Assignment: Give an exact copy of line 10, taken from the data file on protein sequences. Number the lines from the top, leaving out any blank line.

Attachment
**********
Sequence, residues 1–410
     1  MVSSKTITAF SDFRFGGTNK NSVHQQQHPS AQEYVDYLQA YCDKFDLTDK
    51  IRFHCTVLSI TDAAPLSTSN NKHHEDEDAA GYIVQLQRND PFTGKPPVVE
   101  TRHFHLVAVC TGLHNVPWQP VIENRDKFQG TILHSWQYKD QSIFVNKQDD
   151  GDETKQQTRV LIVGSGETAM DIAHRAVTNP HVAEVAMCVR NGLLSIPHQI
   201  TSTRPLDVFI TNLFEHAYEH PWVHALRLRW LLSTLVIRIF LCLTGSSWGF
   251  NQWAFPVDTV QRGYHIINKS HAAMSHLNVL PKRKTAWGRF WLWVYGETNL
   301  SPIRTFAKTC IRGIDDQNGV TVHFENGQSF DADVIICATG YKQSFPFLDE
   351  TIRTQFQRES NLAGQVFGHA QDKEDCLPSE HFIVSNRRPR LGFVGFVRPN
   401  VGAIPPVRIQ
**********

   401  VGAIPPVRIQ